Can you get an abortion in Germany?

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It might sound strange, but there is still uncertainty among young women living in Germany as to whether they have legal access to terminate a pregnancy without being punished for it. We talked to an expert and got to the bottom of it:

Are abortions legal in Germany? Let’s put it this way: yes, with certain conditions. The legal guidelines can be found in the German Criminal Code (the StGB). Essentially, terminating a pregnancy remains a criminal offence. So that is our starting point. Nevertheless, there are around 100,000 abortions performed per year in Germany. Unfortunately, we don’t know that much about this topic – it is still (too) often a taboo subject. Even so, there are some counseling services available, when you know where to find them. In this article we would like to break down the topic and for that we have the help of an expert, the gynecologist and deputy chairperson of the Professional Association of Gynecologists, Dr. Doris Scharrel.

Abortion in Germany: the legal framework

Firstly, let’s tackle the basics. Abortion is regulated by the laws outlined in § 218 StGB, while Section 219 determines what kinds of counseling services may be offered to those affected. It is important of course to establish the difference between a woman choosing to have an abortion herself or being forced into it by a third party. So long as the woman herself is choosing to have the procedure, she can have it under certain conditions.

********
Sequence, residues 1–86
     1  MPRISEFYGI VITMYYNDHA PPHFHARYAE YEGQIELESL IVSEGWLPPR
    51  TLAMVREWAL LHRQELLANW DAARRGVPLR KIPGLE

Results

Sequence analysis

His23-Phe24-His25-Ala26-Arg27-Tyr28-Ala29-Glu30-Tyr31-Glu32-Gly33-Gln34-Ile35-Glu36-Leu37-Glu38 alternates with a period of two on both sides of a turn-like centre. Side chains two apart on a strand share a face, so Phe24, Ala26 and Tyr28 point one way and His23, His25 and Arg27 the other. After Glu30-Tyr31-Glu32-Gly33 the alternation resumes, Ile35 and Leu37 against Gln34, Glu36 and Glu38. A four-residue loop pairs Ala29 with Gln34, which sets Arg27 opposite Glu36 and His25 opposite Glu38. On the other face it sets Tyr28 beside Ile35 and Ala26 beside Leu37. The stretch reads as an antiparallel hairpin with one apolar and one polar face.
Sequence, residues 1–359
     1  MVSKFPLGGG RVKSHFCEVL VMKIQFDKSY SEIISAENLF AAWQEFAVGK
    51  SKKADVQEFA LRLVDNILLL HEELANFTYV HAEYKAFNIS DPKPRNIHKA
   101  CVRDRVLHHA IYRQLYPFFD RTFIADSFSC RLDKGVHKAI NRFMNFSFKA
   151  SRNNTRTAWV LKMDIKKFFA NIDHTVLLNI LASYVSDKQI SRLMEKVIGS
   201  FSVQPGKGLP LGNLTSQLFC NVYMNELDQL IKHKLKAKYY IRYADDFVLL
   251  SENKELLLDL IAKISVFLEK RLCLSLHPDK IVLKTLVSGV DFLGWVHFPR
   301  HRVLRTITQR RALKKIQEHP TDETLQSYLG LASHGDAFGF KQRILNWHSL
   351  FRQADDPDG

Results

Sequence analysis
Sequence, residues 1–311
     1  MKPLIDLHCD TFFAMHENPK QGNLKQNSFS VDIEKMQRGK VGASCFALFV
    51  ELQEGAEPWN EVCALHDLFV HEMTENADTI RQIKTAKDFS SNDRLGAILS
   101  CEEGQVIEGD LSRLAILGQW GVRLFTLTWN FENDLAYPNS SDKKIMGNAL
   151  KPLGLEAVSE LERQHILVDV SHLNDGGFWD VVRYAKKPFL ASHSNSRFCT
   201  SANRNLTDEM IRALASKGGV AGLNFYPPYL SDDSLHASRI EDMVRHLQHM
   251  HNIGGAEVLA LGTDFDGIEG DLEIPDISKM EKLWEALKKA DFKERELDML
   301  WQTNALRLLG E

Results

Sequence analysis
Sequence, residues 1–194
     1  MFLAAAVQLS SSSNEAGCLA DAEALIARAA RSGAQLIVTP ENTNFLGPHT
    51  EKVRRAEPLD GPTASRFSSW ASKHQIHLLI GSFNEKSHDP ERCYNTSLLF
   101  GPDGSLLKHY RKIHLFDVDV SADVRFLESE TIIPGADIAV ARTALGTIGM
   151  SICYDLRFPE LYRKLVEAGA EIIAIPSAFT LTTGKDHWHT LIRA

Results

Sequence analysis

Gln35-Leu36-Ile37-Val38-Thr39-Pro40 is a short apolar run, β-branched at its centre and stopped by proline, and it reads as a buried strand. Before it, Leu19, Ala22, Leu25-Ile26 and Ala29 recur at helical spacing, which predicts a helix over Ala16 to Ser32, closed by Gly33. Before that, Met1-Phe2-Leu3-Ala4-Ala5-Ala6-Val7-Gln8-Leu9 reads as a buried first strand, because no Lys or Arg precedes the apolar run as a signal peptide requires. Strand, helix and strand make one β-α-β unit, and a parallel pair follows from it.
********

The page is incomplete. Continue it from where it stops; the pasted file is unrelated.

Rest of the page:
Dr. Scharrel states, “Several factors play a role in the decision to terminate a pregnancy. If a woman communicates her desire to have this procedure, the attending gynecologist can offer counseling and advice. This includes information on the possible outcomes, conditions and requirements for a legal abortion.”

The prerequisites are:

  • The pregnant woman has decided on the procedure herself
  • The procedure is performed by a doctor
  • No more than 12 weeks have passed since conception (This is actually the 14th week of pregnancy as it is usually calculated from the first day of the last menstrual period.)
  • Additionally, she must seek counseling from a government-approved center at least 3 days prior to the procedure and she must show evidence of this with a document